The Evolution of Finance: Influencers, Crypto, & Investing w/ Porter Gale
Speaker 1: Welcome to The Jump Off Point, an original podcast by Jump Capital. Today, our host, Jason Felger, welcomes two very important guests, Jump Capital's co- founder Sach Chitnis joins us today for his debut on The Jump Off Point, along with the one and only Porter Gale. Porter is a business builder, marketer, and author. Her resume includes current board director for Reddit, former CMO at Personal Capital, and former VP of marketing at Virgin America, among dozens of other accolades. Today, she's with us to help navigate the changing world of finance and how personal this evolving industry has become.
Jason Felger: Welcome, everyone. Today, I want to quickly introduce and just say hello to Porter Gale and Sach Chitnis who are our guests. Porter, welcome. Thanks for being with us.
Porter Gale: Well, thanks for having me. It's a pleasure to be here.
Jason Felger: Such, thanks for being here.
Sach Chitnis: It's a momentous day, for sure for me, at least.
Jason Felger: So I want to start with a couple of really big macro trends. Almost you could consider generational trends and Porter. We've talked about this a little bit, so I'd love to get your perspective first on this, but one is we're starting to see the largest international or intergenerational, excuse me, wealth transfer in history over 30 trillion in inheritance money is going from the boomers to millennial generation, and that's going to be passed down over the next couple of decades, but at the same time, the differences in how these generations approach conversations about money are wildly different. So you have this really interesting flow of money and not just the magnitude, but where it's going and who it's going to, and you have this very different presence and approach to how money is managed, talking about that. How do you think about those trends and how do you think about the potential outcomes of those trends?
Porter Gale: What we've seen in the past couple of years, especially with COVID is that a lot more people are leaning in, in particular to retail investing. A lot of this has been abled by new platforms and apps such as Robinhood, the technology that now allows people to trade very rapidly. The thing that's interesting though, is that there are different segments of investors. There's younger segments and older segments in particular, in one young se segment that's interesting to watch is the fire segment. There are people that are motivated by having financial independence and retiring early they're very budget conscious. You also also see a lot of more day trader type mentality. This is very interesting because what we found is that a lot of wealth is still held by older generations and millennials today hold a lot less wealth than prior generations. Just to give you an example, baby boomers had 21% of all wealth at the same age as millennials and millennials only hold 5%. So what that tells us is that there's still a lot of wealth being held by older individuals that will be passed down the generational wealth transfer.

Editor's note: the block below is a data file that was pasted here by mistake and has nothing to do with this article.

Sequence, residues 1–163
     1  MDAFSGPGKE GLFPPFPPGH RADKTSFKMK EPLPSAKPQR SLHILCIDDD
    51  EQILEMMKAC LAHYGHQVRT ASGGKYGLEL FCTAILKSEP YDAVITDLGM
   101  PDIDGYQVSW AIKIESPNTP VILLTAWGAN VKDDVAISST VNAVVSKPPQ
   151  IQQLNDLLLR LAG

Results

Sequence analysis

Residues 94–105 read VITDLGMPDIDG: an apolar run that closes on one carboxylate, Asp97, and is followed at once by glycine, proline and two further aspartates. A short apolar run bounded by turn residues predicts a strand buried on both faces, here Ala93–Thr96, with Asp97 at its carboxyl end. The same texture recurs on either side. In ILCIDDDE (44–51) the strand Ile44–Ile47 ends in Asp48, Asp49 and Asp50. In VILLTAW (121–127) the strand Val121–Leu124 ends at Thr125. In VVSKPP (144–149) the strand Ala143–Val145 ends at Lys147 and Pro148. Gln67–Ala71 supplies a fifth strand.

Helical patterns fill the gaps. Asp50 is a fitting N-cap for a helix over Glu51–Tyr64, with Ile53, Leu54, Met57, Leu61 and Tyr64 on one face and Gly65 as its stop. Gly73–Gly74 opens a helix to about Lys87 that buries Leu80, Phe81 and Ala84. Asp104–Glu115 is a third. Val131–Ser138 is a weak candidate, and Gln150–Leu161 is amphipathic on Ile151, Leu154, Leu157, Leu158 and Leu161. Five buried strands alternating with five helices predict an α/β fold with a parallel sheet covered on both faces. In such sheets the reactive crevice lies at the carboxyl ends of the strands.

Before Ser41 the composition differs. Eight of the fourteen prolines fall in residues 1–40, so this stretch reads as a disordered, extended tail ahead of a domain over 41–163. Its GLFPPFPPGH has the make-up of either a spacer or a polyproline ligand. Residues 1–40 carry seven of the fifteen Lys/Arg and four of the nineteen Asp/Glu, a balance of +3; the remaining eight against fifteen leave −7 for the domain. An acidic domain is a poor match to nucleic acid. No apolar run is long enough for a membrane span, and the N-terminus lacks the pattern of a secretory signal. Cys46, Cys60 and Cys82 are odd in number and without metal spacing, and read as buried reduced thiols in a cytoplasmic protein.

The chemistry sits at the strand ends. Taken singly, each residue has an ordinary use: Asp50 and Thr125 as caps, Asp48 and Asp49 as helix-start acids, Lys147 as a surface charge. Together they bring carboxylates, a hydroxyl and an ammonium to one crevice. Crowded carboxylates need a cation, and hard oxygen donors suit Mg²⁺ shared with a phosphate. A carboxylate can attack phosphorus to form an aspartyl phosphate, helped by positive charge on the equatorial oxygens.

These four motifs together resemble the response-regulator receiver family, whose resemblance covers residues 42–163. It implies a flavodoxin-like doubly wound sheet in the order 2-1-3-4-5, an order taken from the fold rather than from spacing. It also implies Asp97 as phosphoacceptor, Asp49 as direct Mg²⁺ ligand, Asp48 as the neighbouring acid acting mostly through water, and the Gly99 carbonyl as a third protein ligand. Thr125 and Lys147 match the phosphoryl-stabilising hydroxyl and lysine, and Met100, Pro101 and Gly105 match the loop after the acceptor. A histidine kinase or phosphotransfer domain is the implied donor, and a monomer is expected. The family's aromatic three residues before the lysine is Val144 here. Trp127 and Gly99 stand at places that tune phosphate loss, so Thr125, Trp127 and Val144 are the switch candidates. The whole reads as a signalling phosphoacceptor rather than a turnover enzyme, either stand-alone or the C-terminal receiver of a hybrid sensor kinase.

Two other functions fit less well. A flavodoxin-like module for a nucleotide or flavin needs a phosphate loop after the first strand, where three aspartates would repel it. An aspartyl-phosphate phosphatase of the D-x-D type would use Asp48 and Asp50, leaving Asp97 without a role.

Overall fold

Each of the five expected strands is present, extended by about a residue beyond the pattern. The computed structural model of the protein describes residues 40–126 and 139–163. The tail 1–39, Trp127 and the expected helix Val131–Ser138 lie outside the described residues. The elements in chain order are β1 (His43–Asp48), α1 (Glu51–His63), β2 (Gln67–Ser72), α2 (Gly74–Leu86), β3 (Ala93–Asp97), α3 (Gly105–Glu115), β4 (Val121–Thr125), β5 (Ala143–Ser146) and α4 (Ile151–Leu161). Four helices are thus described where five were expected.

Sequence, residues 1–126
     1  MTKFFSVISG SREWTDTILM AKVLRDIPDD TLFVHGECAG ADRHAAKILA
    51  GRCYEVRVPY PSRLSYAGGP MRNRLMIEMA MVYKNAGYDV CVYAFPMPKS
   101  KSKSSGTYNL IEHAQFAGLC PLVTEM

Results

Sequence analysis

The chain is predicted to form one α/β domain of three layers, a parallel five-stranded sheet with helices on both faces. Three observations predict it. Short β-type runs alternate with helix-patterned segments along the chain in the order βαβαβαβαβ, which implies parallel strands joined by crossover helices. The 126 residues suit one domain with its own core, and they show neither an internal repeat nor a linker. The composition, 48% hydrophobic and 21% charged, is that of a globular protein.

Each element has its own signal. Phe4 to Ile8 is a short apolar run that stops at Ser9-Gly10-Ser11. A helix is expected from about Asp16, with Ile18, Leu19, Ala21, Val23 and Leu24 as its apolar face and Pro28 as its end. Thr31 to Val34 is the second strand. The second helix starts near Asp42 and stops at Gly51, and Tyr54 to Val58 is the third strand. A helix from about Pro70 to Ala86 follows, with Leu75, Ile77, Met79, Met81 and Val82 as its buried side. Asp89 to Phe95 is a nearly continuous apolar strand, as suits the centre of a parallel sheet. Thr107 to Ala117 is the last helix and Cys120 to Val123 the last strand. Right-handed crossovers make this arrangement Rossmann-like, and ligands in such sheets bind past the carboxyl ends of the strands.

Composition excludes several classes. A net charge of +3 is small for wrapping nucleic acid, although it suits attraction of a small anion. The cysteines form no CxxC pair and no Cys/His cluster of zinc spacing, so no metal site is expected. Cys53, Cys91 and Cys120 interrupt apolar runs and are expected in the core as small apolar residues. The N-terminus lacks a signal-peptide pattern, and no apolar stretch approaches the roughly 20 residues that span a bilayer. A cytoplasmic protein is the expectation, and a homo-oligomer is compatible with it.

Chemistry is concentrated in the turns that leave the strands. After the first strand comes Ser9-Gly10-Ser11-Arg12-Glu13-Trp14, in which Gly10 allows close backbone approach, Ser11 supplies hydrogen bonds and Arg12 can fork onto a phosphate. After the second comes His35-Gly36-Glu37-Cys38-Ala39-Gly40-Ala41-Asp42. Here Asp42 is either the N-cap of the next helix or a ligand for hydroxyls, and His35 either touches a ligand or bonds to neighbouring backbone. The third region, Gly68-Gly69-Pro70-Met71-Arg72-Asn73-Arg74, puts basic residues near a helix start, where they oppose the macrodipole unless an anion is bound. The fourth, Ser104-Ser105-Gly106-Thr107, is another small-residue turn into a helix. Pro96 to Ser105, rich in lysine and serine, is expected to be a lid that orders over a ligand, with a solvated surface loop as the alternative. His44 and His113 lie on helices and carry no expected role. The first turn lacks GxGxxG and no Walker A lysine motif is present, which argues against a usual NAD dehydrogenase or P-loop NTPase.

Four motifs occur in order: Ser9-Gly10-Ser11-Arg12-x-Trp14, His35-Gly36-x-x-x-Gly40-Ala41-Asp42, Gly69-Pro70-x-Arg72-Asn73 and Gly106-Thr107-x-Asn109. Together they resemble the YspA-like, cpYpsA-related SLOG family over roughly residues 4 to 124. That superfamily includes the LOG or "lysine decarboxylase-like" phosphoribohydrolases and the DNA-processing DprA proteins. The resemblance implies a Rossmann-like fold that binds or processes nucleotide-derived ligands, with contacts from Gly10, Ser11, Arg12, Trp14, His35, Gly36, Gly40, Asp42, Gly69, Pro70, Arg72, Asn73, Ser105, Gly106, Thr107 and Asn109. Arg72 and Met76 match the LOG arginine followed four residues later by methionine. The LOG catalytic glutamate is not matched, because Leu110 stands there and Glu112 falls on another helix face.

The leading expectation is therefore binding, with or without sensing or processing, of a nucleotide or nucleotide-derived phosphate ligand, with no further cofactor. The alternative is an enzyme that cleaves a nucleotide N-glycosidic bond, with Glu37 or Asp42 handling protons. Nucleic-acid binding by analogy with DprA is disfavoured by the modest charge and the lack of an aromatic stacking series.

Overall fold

Sach Chitnis: Yeah. I think what's so fascinating. It's so spot on, but what's so fascinating about this is that you have these massive trends occurring with some really interesting complex behaviors that are the underpinnings, right? You have a key piece which I think is that loyalty has just become a commodity. Where people don't have the same attachment to brands, to relationships as they did before, where you may have it with say you're Morgan Stanley financial advisor, back in the day to where, when you're setting up a new account, it's all due digital. So there's not that same personalization. Similarly, I think that the friction of change. So you probably saw this in spades Porter that if you're taking a brokerage account that has money in it and moving it over, that is way more difficult than say, setting up a new account to go start doing some day trading on Robinhood or the like. So that premise that you're able to detether from some existing relationship, much more difficult. So when they're inheriting this money, what's going to be really interesting to see the old line of thinking and relationships and whether they detether, whether or not they move that money to their existing digital form, or if it's difficult for them to rip and replace if you will.
Porter Gale: Yeah, that's right. The other thing I would say is that there are some groups of people that are very interested in investing by brand affinity. For example, a lot of people are interested in investing in ESG or socially responsible investing. So there's been a big growth in ESG investing over the last couple of years.
Sach Chitnis: One of the things I'm curious if you're seeing Porter is the siloing of relationships, but also siloing of finance. The premise that I'm essentially creating my own different allocation of risk based on how I invest. So I may have money that's really, for safety for retirement, et cetera, money that maybe go get it, like the higher risk profile, maybe in crypto, maybe in day trading on Robinhood or like accounts and just really starting to segment the way I think money. Are you seeing that? And are there any interesting trends that come from that, that really enable or disable this experience?
Porter Gale: Yeah. You know, one trend around that is that I do think that there is a slice of investing that really is about gamification and the rise of cryptocurrencies. So if you look at platforms like Coinbase and Gemini, where people feel more confident about leaning into crypto and they understand how to have a wallet and how to actually make trades, we are seeing crypto really now start to be more of a mainstream investment. So a lot has been happening in terms of investing styles in the last couple of years.